“Panel Discussion: Right to Health of Older Persons”
Statement by the Delegation of the United States of America
Delivered by Amy Mc Gann
Friday, September 16, 2011
Thank you Mr. Vice-President and to today’s panel.
The United States is pleased to take part in today’s discussion on advancing the health of older persons. While the right of everyone to the enjoyment of the highest attainable standard of physical and mental health applies not only to older persons, but to persons of all ages, in general older persons have increased health concerns. They tend to be more susceptible to illnesses, chronic diseases and conditions, and disabilities, and therefore require more health services.
The United States has strong laws, policies, and programs in place aimed towards establishing and protecting the rights, dignity, and independence of older persons. Four pieces of legislation – the Social Security Act, Medicare, Medicaid, and the Older Americans Act – form the foundation of economic, health, and social support for millions of seniors, individuals with disabilities, and their families. These programs have enabled millions of older Americans to live more secure, healthy, and meaningful lives.
The Administration on Aging (HHS/AOA), located in the Department of Health and Human Services, seeks to achieve the best possible physical and mental health of older people. The office has developed our country’s infrastructure of low-cost home and community-based services. These services are designed to coordinate with the services and support systems funded by Medicare and Medicaid, with the goal of maintaining older persons’ health, independence, and dignity. Each year, the Older Americans Act’s comprehensive home and community-based system helps nearly 11 million older Americans and 800,000 of their family caregivers. These health, prevention, and wellness programs and services help prevent hospital readmissions, provide transportation to doctors’ appointments, and assist older individuals with some of life’s most basic functions.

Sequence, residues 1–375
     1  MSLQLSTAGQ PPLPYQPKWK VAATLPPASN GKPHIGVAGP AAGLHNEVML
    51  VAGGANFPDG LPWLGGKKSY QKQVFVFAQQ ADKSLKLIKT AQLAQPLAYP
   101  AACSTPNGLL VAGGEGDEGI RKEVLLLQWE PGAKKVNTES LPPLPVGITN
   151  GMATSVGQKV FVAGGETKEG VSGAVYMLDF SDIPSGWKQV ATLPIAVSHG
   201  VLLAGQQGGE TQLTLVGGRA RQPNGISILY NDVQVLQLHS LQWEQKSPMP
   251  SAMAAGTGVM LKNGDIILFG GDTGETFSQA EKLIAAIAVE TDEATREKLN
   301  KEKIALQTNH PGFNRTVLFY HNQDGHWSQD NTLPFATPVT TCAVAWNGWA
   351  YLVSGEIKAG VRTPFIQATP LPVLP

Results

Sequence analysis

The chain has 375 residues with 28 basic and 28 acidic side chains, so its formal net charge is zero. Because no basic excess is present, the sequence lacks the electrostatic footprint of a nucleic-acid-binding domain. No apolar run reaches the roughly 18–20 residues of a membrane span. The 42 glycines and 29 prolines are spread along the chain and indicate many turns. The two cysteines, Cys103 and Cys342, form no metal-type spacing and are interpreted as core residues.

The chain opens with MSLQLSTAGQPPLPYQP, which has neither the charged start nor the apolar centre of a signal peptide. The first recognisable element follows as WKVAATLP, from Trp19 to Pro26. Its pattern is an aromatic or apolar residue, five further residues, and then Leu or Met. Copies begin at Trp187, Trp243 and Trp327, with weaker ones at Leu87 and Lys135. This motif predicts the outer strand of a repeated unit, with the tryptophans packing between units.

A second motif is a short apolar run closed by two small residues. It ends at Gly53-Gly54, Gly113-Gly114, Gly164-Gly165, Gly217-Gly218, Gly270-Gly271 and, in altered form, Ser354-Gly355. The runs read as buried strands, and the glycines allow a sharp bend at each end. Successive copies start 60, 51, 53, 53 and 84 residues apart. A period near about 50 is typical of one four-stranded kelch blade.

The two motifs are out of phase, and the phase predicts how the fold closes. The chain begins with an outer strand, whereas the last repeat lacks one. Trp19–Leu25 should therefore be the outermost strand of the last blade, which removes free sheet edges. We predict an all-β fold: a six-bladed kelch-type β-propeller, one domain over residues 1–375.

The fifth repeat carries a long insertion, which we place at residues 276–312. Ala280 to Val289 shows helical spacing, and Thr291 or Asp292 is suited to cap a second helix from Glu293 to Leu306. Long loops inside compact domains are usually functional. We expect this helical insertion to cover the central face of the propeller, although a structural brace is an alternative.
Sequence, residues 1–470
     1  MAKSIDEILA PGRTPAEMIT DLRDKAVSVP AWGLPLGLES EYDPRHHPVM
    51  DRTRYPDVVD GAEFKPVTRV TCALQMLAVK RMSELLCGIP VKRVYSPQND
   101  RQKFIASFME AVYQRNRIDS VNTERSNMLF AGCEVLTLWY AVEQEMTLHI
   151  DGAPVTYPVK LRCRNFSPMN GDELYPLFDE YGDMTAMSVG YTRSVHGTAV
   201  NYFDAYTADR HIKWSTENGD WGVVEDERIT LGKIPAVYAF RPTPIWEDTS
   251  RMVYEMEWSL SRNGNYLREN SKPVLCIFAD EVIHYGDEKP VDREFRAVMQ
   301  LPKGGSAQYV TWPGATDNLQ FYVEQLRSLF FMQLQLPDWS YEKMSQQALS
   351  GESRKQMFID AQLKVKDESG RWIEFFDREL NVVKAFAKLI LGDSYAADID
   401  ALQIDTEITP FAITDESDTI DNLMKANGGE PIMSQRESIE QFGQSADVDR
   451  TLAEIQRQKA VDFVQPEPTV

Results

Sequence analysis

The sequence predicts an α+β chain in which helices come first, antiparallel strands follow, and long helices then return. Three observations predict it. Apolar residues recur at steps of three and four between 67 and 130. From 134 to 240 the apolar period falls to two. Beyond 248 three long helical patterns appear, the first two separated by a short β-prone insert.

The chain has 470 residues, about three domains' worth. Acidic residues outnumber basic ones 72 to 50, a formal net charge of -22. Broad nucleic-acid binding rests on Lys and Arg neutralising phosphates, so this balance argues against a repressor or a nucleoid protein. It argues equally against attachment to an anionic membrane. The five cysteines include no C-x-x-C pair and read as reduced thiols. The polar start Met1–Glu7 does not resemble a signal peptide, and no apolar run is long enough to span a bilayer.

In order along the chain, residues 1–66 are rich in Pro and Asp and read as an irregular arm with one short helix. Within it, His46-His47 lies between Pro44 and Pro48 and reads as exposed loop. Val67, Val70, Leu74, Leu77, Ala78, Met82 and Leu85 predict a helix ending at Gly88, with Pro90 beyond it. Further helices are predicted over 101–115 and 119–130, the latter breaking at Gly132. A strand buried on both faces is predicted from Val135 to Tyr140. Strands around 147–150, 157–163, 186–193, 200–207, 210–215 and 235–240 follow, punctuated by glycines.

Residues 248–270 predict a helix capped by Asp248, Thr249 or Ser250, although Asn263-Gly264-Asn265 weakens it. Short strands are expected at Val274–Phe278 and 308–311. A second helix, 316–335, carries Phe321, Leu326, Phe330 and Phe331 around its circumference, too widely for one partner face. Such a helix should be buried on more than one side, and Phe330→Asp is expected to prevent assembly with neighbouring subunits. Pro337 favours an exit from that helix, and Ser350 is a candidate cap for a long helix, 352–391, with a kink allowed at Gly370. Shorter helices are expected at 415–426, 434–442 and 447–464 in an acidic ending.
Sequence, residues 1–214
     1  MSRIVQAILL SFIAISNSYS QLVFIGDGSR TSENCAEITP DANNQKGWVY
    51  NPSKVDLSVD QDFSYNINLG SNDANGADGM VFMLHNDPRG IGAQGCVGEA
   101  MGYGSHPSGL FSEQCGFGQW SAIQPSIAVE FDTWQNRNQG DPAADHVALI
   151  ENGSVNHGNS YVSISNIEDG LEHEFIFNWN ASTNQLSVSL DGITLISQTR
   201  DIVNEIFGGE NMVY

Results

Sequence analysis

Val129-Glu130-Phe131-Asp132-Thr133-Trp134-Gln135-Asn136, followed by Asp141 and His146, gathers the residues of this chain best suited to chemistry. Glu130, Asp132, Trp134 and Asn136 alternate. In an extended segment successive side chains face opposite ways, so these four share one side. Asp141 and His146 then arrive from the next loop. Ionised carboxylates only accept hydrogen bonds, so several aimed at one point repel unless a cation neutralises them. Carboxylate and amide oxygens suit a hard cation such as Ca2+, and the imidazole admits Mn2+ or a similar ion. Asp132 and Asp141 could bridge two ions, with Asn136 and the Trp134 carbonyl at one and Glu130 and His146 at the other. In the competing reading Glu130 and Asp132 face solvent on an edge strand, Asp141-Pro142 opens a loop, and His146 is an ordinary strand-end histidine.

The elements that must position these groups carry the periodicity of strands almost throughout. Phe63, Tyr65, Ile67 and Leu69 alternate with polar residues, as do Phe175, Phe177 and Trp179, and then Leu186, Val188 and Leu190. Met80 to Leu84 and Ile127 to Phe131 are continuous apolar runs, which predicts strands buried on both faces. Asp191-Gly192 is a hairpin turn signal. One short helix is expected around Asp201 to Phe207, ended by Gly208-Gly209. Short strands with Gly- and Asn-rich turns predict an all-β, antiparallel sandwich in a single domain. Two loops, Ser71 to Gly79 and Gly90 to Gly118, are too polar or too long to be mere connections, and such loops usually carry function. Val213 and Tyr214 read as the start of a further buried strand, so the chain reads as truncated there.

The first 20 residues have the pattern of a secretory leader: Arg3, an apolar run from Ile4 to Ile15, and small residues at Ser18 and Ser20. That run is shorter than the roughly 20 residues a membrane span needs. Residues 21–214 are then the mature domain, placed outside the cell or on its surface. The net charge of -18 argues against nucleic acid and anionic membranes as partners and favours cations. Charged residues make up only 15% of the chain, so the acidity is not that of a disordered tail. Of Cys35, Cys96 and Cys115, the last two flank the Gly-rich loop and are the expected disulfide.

The Long-Term Care Ombudsman Program is one of our many programs designed to protect the rights of older persons. The Program advocates on behalf of residents in nursing homes, assisted living facilities, and other residential settings. This successful program helps residents voice their concerns, secure their rights, and correct conditions affecting their care. Residents are informed that they have rights guaranteed by law, including being free from chemical and physical restraints, managing their own finances, and keeping medical records confidential.
Our approach in the United States is consistent with the UN Principles for Older Persons and their goal of ensuring that states give priority attention to the situation of older persons. The UN Principles state that older persons should have access to health care, services, and appropriate institutional care, as well as the opportunity to enjoy their human rights.
Thank you for your attention. I look forward to an instructive discussion and to learning more about other member states’ efforts to further the health of older persons.